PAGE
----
SPEED SKATING—OLEG BOGIEV of the Soviet Union won the men's World All-Around Championship in Goteborg, Sweden.
ALPINE SKIING—In the U.S. Championships at Copper Mountain, Colo., BILL JOHNSON and LISA WILCOX won the men's and women's downhill titles, respectively; STEVE MAHRE and CHRISTIN COOPER got the giant slalom crowns; and MAHRE and TAMARA McKINNEY were the slalom champions.
INDOOR SOCCER—MISL: Kansas City remained percentage points ahead of St. Louis in the West. Both teams lost twice, the Steamers 8-2 at Los Angeles and 7-5 at Phoenix, while K.C. fell to Eastern stalwarts Pittsburgh (8-5) and first-place Cleveland (6-5). Financially strapped New York traded Fred Grgurev, tied for the league scoring lead, and his hefty contract to Memphis.
NASL: San Diego got a half-game edge on Golden Bay and Chicago by beating Tampa Bay 7-5 and Tulsa 4-3. The Sockers' Julie Veee had four goals against the Rowdies.
TENNIS—MARTINA NAVRATILOVA beat Chris Evert Lloyd 6-2, 7-6 to win the $150,000 U.S. Women's Indoor title in East Hanover, N.J.
The UNITED STATES beat Romania 5-0 in first-round Davis Cup competition in Bucharest (page 56).
TRACK & FIELD—CARLO THRANHARDT of West Germany set a world indoor high jump record of 7'9¼" in Berlin. He surpassed by half an inch the mark set last month by Igor Paklin of the Soviet Union.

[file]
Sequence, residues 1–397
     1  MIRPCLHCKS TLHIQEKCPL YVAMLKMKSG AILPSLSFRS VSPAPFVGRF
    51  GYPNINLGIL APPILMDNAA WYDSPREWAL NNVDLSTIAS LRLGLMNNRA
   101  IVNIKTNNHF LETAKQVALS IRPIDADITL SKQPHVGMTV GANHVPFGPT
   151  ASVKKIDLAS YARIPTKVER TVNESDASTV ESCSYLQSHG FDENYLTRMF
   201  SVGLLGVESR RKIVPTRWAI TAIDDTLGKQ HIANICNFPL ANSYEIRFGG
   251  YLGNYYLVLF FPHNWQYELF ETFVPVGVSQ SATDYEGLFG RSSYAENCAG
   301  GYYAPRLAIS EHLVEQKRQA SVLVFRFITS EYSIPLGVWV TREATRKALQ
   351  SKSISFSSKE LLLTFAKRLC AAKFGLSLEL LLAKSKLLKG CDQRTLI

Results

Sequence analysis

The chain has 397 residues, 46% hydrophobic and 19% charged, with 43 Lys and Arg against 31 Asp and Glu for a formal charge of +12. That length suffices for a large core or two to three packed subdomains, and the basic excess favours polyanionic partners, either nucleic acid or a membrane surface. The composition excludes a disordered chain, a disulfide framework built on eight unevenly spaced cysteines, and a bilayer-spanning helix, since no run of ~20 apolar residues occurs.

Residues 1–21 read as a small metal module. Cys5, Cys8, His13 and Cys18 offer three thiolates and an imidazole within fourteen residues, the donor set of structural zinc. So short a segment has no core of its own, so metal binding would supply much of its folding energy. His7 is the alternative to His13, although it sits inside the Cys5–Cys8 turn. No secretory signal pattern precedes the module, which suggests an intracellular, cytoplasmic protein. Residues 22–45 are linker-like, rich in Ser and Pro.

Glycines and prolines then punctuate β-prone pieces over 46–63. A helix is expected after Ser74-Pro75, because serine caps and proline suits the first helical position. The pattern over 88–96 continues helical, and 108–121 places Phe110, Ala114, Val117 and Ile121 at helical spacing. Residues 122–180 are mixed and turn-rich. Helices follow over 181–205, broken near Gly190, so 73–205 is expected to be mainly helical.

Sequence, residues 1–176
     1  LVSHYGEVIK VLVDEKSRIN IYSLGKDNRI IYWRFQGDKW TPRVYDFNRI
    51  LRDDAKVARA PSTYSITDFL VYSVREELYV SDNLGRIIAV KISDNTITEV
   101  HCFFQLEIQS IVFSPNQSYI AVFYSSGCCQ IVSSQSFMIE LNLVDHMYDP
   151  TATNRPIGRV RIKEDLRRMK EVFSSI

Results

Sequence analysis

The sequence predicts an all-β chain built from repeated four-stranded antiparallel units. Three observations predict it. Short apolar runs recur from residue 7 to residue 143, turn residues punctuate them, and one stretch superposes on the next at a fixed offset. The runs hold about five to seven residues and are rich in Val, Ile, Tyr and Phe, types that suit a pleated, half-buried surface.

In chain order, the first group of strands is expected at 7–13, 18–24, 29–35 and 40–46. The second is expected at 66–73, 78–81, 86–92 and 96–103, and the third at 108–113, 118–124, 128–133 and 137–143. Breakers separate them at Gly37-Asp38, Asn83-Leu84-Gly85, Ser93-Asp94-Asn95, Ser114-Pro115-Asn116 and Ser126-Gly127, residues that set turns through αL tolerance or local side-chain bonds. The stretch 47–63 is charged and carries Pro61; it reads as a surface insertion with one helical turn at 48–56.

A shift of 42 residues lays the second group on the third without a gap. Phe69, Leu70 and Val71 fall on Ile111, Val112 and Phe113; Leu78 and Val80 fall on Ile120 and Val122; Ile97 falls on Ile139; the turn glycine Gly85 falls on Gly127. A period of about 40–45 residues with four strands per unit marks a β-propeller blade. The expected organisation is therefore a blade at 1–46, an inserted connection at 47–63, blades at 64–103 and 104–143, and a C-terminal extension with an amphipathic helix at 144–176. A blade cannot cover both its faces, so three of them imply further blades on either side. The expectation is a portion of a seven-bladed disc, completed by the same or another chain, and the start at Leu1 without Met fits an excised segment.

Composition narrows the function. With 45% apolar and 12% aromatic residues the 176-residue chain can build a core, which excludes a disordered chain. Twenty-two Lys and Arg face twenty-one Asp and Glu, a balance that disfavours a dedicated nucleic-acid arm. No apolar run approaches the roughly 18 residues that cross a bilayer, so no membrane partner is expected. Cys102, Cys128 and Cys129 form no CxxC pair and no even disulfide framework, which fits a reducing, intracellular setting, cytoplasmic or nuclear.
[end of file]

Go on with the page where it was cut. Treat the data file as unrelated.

At the TAC Championships, JIM HEIRING established by 2.12 seconds a world indoor record for the two-mile walk with a time of 12:11.21, and JUD LOGAN broke by 3½" his own U.S. indoor record in the 35-pound weight throw with a heave of 75'3¼" (page 60).
In Colorado Springs, TORE JOHNSEN, a Norwegian who goes to Texas-El Paso, set a world indoor record of 78'7" in the 35-pound throw, 1'¼" farther than the 1983 mark of Robert Weir of Great Britain.
MILEPOSTS—ELECTED: To the Basketball Hall of Fame, former Boston Celtics JOHN HAVLICEK, 43, and SAM JONES, 50; JACK GARDNER, 73, who had a 486-235 record in 28 years as coach of Kansas State (1939-42, 1946-53) and Utah (1953-71); and administrators EDWARD STEITZ, 63, and CLIFF FAGAN, 73.
HIRED: As coach of the Montreal Canadiens, JACQUES LEMAIRE, 39, who had been assistant coach of the 28-30-5 club. He replaces BOB BERRY, 39, who was fired after going 116-71-36 in three seasons with Montreal.
TRADED: By the Montreal Expos, first baseman AL OLIVER, 37, to the San Francisco Giants for pitcher FRED BREINING, 28, and a player to be named later.
By the Miami Dolphins, quarterback DAVID WOODLEY, to the Pittsburgh Steelers for a third-round draft choice in 1984 and a future conditional pick; and by the Philadelphia Eagles, kicker TONY FRANKLIN, 27, to the New England Patriots for an undisclosed 1985 choice.
By the Philadelphia Flyers, right wing PAUL HOLMGREN, 28, to the Minnesota North Stars for U.S. Olympic team right wing Paul Guay and a third-round selection in the 1985 draft.
DIED: KIRK COLLINS, 25, a cornerback for the Los Angeles Rams since 1980; of cancer of the esophagus; in Anaheim, Calif. (page 10).
Sherrill Ward, 72, the initial trainer of Forego, who was horse of the year in 1974, '75 and '76; of heart failure; in Hollywood, Fla.